Pelargonium saved. For Now.

I know I’m a bit late with this post, but I think it’s important anyway.

Remember a while back I posted about the small Eastern Cape community of Alice who were challenging the German pharma giant Schwabe over their patenting of a remedy made from the roots of pelargonium sidoides and pelargonium reniforme –  that’s geraniums to you and me.

Well, in a thrilling case of little-guy-from-SA-backwater-takes-on-giant-baddies-and-wins, the European Patent Office last month revoked the  patent that Schwabe had applied for, which would have protected a method of processing the roots of the plants to get the desired extract.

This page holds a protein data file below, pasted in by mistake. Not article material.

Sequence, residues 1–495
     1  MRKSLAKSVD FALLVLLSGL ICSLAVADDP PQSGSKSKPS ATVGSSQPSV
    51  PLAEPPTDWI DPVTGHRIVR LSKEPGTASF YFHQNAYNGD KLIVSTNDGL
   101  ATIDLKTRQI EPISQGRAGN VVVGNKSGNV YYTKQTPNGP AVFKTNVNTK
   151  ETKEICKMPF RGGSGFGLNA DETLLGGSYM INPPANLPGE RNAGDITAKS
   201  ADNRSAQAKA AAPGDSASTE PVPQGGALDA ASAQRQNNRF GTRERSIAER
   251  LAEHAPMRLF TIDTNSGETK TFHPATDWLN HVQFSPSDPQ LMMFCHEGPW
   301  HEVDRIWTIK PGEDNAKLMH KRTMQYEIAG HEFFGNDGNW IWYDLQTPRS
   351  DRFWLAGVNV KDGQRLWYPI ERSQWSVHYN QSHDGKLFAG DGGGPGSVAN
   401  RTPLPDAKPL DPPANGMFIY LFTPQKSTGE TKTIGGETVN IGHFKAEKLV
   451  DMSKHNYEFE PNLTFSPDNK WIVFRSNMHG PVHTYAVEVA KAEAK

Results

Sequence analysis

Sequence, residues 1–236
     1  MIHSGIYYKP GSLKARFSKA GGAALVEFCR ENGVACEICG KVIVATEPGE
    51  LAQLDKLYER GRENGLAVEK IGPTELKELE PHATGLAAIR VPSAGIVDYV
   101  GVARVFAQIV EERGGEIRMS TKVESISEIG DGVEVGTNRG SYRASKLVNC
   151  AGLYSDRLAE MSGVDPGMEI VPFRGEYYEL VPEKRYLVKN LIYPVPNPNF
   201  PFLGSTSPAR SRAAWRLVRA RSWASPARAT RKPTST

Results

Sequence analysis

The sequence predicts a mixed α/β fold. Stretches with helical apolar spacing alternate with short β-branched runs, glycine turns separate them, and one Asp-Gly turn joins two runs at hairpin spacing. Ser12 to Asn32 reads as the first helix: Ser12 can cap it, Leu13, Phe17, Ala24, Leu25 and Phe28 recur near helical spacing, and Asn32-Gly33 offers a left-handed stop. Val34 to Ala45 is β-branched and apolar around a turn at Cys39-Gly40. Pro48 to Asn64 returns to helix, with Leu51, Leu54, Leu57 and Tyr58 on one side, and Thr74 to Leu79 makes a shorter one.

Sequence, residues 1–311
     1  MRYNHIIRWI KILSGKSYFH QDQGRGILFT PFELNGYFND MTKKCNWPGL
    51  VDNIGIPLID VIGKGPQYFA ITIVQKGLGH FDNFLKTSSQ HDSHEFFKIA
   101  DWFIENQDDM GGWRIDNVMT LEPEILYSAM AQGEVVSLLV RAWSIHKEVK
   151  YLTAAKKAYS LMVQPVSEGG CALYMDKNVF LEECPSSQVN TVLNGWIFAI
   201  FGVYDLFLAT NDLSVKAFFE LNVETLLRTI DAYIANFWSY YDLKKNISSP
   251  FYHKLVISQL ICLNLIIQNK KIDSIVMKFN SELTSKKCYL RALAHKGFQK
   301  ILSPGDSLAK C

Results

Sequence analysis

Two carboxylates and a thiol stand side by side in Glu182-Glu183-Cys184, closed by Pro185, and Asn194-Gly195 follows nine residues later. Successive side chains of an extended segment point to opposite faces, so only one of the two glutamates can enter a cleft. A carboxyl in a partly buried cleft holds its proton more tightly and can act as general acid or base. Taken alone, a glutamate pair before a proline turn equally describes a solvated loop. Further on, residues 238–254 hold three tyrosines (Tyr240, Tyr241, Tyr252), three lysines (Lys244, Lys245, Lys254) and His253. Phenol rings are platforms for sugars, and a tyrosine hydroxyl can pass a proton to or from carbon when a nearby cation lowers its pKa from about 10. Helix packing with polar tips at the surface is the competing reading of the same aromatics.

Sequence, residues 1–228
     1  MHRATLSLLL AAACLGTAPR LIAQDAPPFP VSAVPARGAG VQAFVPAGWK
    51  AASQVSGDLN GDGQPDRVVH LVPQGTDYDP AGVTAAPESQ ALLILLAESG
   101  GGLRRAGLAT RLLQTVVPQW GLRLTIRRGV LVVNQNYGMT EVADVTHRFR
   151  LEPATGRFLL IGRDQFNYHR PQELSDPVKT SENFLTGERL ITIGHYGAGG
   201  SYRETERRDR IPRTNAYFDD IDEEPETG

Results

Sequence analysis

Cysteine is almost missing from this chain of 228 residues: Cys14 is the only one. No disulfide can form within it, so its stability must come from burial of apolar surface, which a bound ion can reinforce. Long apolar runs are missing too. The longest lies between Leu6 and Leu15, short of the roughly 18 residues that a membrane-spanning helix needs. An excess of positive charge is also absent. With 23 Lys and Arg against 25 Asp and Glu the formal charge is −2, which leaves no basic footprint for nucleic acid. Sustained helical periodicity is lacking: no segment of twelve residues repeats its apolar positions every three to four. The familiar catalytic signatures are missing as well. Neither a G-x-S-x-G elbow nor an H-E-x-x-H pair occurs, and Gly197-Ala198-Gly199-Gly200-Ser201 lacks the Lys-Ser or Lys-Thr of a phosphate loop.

According to this article in the Dispatch, a local Eastern Cape paper, the Germans are looking to fight the ruling, and, considering the resources they have available, they might win. But, I think this sets a great precedent, and hopefully more test cases like this one will appear, so we can work out a safe, innovative traditional knowledge and patent policy for this country.

Pic: Geranium by jurek d. on Flickr, CC BY 2.0

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2 thoughts on “Pelargonium saved. For Now.

  1. Absolutely. The Hoodia case was, I think the first time we really sat up and realised the incredible resources we have in this country, and the need to protect them, not necessarily for money, but becuase they’re such an important part of our natural heritage.
    Hopefully, this will be the start of good things.

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